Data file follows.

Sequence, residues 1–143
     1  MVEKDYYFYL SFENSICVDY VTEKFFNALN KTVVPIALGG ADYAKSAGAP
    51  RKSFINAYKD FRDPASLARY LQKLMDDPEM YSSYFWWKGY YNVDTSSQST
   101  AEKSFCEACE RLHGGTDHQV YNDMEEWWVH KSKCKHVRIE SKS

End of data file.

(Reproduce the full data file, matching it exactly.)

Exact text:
Sequence, residues 1–143
     1  MVEKDYYFYL SFENSICVDY VTEKFFNALN KTVVPIALGG ADYAKSAGAP
    51  RKSFINAYKD FRDPASLARY LQKLMDDPEM YSSYFWWKGY YNVDTSSQST
   101  AEKSFCEACE RLHGGTDHQV YNDMEEWWVH KSKCKHVRIE SKS